So…back to our hike with Helen. As we walked, she pointed out so many things. “Listen to that call – I love it – the canyon wren – they sound like they’re laughing.”   Now I know – I’ve heard the canyon wren a couple of times since then.

We began to notice evidence of a forest fire, and Helen told us it happened in 2011 – they believe it was human caused, possibly migrants who had built a fire for warmth and did not put it out properly.

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She told us about the importance of stemming the growth of invasive plants and how they upset the ecosystem – one of the many duties park rangers do in the course of a day.

Some images from our hike:

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A lookout that gave us a glimpse to the snow-capped mountain range just beyond.
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One of the many balancing rocks in the area. Helen assured us these giants were not going anywhere.
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An area of the mountains called “The Grotto”

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Just to back up a bit, the Chiricahua National Monument is in the far southeastern corner of Arizona – almost to the New Mexico border.  As we drove toward our campground, the landscape gave little clue as to what lay ahead.

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Just outside the turnoff to our campground, we got our first clue:

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The Bonita Canyon Campground was beautifully situated, with lots of space between campsites and a number of small trails leading right from the campground. For the first time since we’ve bene camping in Arizona, we were warned about wild animals (bears, mountain lions) and each campsite was equipped with a bear locker.

There are also coatimundi in the area. Nope, we had never heard of them either, but our very chatty little neighbour Olivia had apparently seen a whole family of them while out hiking with her family. They are a member of the raccoon family, or as Helen put it, “what happens when you cross a lemur with an anteater.”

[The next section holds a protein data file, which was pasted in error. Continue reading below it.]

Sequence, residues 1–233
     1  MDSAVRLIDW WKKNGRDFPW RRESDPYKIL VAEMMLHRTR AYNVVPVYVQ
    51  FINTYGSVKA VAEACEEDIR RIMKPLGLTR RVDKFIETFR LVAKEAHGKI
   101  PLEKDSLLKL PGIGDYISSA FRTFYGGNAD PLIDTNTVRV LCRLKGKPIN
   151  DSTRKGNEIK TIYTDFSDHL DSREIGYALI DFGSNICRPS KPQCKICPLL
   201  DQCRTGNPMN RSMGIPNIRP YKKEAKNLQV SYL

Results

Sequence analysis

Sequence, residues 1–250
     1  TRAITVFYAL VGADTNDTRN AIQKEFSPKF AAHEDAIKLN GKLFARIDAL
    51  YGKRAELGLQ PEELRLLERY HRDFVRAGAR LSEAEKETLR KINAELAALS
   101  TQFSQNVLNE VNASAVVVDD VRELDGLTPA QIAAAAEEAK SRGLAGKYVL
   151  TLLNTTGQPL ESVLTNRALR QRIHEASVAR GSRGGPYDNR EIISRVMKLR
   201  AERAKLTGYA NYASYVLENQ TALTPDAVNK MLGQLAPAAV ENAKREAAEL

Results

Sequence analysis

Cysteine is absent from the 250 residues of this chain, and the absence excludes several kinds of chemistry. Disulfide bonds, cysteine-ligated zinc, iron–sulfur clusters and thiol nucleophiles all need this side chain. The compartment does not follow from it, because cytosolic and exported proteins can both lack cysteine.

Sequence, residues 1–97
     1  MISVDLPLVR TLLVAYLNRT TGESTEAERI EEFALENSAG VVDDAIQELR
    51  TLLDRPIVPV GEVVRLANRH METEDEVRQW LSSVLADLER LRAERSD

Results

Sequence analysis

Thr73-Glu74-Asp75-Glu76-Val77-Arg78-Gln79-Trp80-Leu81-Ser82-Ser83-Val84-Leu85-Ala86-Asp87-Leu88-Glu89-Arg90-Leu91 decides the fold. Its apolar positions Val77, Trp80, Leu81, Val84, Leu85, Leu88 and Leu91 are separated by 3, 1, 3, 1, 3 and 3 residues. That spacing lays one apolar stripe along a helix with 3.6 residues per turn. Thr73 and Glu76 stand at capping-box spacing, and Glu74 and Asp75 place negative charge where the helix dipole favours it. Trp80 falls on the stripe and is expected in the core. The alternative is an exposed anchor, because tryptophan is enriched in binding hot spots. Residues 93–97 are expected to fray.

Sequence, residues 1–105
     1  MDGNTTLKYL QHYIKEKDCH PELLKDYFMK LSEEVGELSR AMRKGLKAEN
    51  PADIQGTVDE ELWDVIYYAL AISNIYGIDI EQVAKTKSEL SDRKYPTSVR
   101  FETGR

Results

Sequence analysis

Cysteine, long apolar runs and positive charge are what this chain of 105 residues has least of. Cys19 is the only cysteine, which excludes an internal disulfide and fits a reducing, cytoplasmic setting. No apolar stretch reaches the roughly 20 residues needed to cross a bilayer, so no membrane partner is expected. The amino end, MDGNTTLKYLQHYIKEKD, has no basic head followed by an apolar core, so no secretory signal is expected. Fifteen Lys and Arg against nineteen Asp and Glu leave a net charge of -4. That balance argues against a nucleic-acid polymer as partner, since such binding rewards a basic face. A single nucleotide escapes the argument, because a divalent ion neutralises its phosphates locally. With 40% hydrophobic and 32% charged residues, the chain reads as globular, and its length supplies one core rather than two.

We didn’t see the elusive coatimundi, but this stock photo will give you an idea of what they look like.

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What we did see were these delightful birds – the Mexican jay. Unlike their bossy, squawky cousins, these birds are pretty, graceful and relatively quiet. They welcomed us when we arrived; swooping and soaring around the trees and picnic table as we set up. I suspect they have been fed in the past.

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A short, but very sweet side trip to a beautiful part of Arizona. We would have stayed longer, but once again had to flee a forecast of snow. At an elevation of 6800 feet in the Chiricahuas, we have been reminded that north, south, east and west in Arizona don’t really guarantee weather – it is the elevation that can turn rain into snow. It is making for an interesting hopscotch across the state.

From shoot-outs to sandhill cranes to spelunking

There are numerous tourist sites within an hour’s drive of Bisbee; all of them uniquely fascinating.

We began with Tombstone; a small town that has developed into a walloping tourist destination by  capitalizing on the infamous Shootout at the OK Corral.  This gunfight took place on October 26, 1881; a showdown over control of Tombstone between the “good guys”  –  The Earp Brothers and Doc Holliday and the “bad guys”  – the Clantons and the McLaurys. When the dust settled, and the dead and wounded were accounted for, only Wyatt Earp walked away unscathed.

The re-enactment of this infamous duel is held three times a day and yes, it is hokey, but still lots of fun.

The crowd was warmed up by an actor who instructed us to  clap for the good guys and boo the bad guys. And then the fun began. Good guys entered – yay!

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Followed by the bad guys – boo!

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After much posturing and yelling, the gunfight broke out.

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It didn’t end well.